C++ Boost.Multiindex - Intro

in #cpp3 years ago

Boost.Multiindex - Intro

Boot Multiindex is a container that gives you multiple interfaces, called indexes, to lookup the elements within the container.

Ex: If you have a bunch of elements that you want to access in multiple ways, say sometimes you want to access the elements in a default sorted manner (like a set) but other times you want to access them using your own controlled the sequence (like a list). If you use a boost.multiindex container you can fill it with all the elements you want and then when it comes time to access the elements you can pick the interface (in this example either a set or a list) you want to use. This allows you to only have a single container with multiple interfaces which can be used appropriately to better suit different scenarios in your application.

You state all the interface types you will be using when you define your multiindex container.

Say you had a car with the following properties.
  • name
  • hp // horse power
  • and the methods
  • isFast() // returns true or false

  • You could model it like so:

    class car {
        std::string name;
        car(const std::string& name, int hp, bool is_fast)
            : name(name), hp_(hp), is_fast_(is_fast) {}
        bool isFast() const { return is_fast_; }
        friend int getHp(const car& c) { return c.hp_; }
        int         hp_;
        bool        is_fast_;

    Defining your multiindex container
    typdef multi_index_container<
        car,         // element data structure
        indexed_by<  // Here is put the interfaces you will use with the container
            // interface 0
            hashed_unique<  // - all names must be unique and lookup by has value
                // look up by member variable
                // < data_struct,  type,  member variable >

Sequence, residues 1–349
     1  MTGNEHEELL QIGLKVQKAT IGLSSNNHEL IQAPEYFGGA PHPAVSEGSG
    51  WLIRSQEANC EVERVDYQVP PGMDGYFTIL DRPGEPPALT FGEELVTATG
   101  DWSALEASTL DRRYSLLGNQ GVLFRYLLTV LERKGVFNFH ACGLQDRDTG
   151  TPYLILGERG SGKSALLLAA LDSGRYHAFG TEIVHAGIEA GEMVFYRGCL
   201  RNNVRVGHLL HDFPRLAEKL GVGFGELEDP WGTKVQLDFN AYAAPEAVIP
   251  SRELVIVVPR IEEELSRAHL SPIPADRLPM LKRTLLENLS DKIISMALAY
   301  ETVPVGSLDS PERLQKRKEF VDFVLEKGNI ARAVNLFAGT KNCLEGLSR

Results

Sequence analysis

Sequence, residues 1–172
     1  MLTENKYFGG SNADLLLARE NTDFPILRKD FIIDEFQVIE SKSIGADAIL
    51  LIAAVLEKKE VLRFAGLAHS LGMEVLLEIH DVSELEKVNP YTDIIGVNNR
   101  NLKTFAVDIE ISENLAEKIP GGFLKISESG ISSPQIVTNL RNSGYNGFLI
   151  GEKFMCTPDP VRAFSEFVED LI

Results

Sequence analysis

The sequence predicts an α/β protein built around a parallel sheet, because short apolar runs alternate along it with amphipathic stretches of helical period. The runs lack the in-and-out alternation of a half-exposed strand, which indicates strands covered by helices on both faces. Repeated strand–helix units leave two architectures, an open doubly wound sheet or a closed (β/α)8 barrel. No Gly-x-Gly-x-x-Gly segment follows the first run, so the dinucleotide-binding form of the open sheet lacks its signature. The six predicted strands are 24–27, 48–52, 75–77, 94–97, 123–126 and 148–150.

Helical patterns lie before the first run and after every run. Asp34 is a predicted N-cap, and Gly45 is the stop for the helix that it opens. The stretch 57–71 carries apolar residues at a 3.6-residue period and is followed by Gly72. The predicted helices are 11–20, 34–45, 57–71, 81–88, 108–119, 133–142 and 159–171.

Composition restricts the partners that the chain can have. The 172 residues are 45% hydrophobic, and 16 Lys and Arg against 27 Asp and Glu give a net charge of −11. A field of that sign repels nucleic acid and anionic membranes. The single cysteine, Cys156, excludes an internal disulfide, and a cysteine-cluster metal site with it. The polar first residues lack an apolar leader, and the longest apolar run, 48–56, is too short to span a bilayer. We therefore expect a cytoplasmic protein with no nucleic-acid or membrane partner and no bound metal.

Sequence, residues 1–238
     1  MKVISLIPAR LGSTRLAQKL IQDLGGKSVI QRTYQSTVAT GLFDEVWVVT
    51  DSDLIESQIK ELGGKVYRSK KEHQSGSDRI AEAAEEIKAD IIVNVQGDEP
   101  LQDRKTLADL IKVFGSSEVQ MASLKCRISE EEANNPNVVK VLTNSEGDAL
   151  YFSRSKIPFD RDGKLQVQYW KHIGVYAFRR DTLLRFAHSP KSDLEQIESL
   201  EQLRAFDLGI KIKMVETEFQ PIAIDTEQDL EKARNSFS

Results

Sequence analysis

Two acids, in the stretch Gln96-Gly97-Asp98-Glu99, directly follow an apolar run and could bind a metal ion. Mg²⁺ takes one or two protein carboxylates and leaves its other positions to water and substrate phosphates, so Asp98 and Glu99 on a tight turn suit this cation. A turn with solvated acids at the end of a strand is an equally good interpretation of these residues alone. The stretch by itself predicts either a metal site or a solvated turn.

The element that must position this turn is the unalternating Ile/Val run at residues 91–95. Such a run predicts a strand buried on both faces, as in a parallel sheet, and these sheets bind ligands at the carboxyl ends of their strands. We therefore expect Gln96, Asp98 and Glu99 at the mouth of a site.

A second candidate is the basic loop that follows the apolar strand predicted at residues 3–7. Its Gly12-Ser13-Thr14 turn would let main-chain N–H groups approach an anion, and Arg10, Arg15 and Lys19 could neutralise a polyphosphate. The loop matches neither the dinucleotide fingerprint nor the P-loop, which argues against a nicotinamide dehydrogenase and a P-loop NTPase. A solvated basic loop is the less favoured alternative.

member<car, std::string, &car::name> >,  // looked up by name
            // interface 1
            hashed_non_unique<  // - not unique and look up by member function
                // look up by constant member function
                //  < data_struct, type, member function >
                const_mem_fun<car, bool, &car::isFast> >,  // looked up by isFast()
            // interface 2
            ordered_non_unique< // - orderd not unique look up by global function
                // look up by global function
                //        param_type, return type, function name
                global_fun<const car&, int, getHp> >    // looked up by global function getHp()
    > cars_multi_idx_type;  // new container type

    Each car we put in this container now must have a unique name.

    cars_multi_idx_type cars;
    cars.insert(car("mustang", 400, true));
    cars.insert(car("prius",   180, false));
    cars.insert(car("370z",    350, true));
    cars.insert(car("camaro",  380, true));

    member function find: when you don't specify an interface, the first one is used by default.

    auto itr = cars.find("mustang");
    if (itr != cars.end())
        std::cout << itr->isFast() << std::endl;

    First thing you do is get the interface, unless you are using the 0th interface by default to access an index (interface). Now we are using the get() method to use the 'ordered_non_unique<>' interface.

    auto& hp_index = cars.get<2>();

    Now you can look up cars as if they were contained in an ordered_non_unique container with a the global function getHp() used to return an iterator to the cars hp_.

    auto begin = hp_index.lower_bound(180);
    auto end   = hp_index.upper_bound(380);
    /* For each hp_index from begin to end get the rest
    *  of the car object */
    std::for_each(begin, end, [](const car& c) {
        std::cout << c.name << std::endl;
        if (c.isFast())
            std::count << " is fast!\n";

    You can also make other iterators to different indexes (interfaces) by projecting them. A name iterator using interface 0 is created with our existing 'hp_index' iterator 'begin'.

    auto name_itr    = cars.project<0>(begin);
    auto is_fast_itr = cars.project<1>(begin);
    /* Get an iterator from an element */
    auto itr = cars.find("mustang");
    const car& c = *itr;
    itr = cars.iterator_to(c);

    You CAN NOT change an element with an iterator. This is beacuse the iterator is only used for the specific interface. If you want to modify an element you will need to update it for use with every interface. To update an element you use the member function modify and pass the iterator and a lambda function. The lambda function will get a reference to your object, car, at the position of the itr. Now you can change the car object.

    cars.modify(itr, [](car& c) {
        c.name = "shelby cobra";  // changes 'mustang' to 'shelby cobra'
    /* modify by key */
    cars.modify_key(itr, [](std::string& n) {
        n = "shelby cobra";
    /* Replace elements */
    cars.replace(itr, car("civic", 200, false));